External Affairs

Doklam, Gipmochi, Gyemochen: It’s Hard Making Cartographic Sense of a Geopolitical Quagmire

While India has been assertive in protecting interests it considers vital to its security posture in the region, New Delhi remain cagey when it comes to drawing lines on a map.

Screenshot of satellite image of disputed area near India-Bhutan-China tri-junction

To start at the very beginning: the Sikkim-Tibet border was defined in 1890 through the Anglo-Chinese Convention that was signed in Kolkata on March 17, 1890.

Article I of the convention said that the boundary of Sikkim and Tibet would be “the crest of the mountain range separating the waters flowing into the Sikkim Teesta…from the waters flowing into the Tibetan Mochu.” The beginning point of the boundary line would be “Mount Gipmochi on the Bhutan frontier….”

As is evident, Bhutan played no role in this, nor did Sikkim or Tibet; the agreement was between two empires – the British and the Qing. The Tibetans refused to implement the convention and for this they were punished when the British stormed Lhasa and later signed a convention with the Chinese in 1906 and 1910 recognising the authority (suzerainty, they said) of China over Tibet in exchange for a number of rights.

In the recent exchanges between India and China, it would appear that while Beijing stands by the 1890 convention, India’s position is somewhat ambiguous.

In its sole formal statement of June 30, 2017, the Indian spokesman  said that there was an agreement between China and India in 2012 that “tri-junction boundary points between India, China and third countries will be finalised in consultation with the concerned countries.”

More important, he added that the 2012 understanding was merely a reconfirmation of their “mutual agreement on the ‘basis of alignment’.” Further discussions would have to take place to actually finalise the boundary. Parsing this, it suggests that while the two sides had agreed that the watershed, indeed, is the boundary, there is need for more work to actually finalise it as such.

An exasperated Chinese spokesman underscored this on July 3, when he complained: “As to the statement issued by India’s Ministry of External Affairs last Friday (i.e. June 30), we have noted that this statement completely left out the Convention Between Great Britain and China Relating to Sikkim and Tibet (1890), none other than which clearly defined the China-India boundary alignment in areas where the incident happened.”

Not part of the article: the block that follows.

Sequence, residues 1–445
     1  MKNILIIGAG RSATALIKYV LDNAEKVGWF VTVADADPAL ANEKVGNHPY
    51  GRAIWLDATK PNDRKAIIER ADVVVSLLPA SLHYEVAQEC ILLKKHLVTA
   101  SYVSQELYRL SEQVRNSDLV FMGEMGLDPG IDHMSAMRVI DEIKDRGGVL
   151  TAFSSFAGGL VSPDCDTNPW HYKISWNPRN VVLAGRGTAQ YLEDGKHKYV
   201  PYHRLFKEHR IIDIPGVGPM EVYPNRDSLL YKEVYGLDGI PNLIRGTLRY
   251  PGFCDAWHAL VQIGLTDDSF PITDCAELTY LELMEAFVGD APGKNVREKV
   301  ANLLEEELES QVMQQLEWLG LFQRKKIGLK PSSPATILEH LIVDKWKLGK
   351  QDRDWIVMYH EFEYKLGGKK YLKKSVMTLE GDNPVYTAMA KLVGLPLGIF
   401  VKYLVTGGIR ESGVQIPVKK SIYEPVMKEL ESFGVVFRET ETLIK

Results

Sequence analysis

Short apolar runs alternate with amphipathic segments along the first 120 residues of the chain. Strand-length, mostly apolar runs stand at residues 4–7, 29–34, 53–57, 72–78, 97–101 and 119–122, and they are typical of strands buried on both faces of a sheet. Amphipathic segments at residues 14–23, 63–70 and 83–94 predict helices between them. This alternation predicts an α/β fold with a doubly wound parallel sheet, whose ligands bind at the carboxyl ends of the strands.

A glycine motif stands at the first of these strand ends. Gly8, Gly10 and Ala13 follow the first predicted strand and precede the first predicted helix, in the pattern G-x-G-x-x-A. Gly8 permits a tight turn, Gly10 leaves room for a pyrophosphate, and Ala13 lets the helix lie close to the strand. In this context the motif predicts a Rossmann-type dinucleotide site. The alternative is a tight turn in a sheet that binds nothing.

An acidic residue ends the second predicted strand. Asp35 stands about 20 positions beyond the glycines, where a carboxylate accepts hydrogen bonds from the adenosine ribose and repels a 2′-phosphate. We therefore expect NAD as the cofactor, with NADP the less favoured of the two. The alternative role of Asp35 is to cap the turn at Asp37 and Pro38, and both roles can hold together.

Is India, then, interpreting the 1890 Convention unilaterally? If so, then it is a dangerous game. Something similar happened when the MEA in 1959 “interpreted” the McMahon Line which, as per treaty, terminated on the Bhutan border at 27°44′30″ N. But when Indian patrols went there, they found that this was not the highest ridge of the watershed – that was at Thag La ridge, some 4 kms north of where McMahon had drawn the line on the map. The Indian side decided on its own that Thag La ridge was the boundary, and the Indian Army was asked to throw the Chinese off that ridge in an ill-considered operation that triggered the disastrous war of 1962.

In Part I of the Henderson Brooks report on page 54, section 33 noted “DHOLA post was established NORTH of the McMAHON Line as shown in maps prior to October/November 1962 edition. It is believed the old edition was given to the Chinese by our External Affairs Ministry to indicate the McMAHON Line. It is learnt we tried to clarify the error in our maps, but the Chinese did not accept our contention.”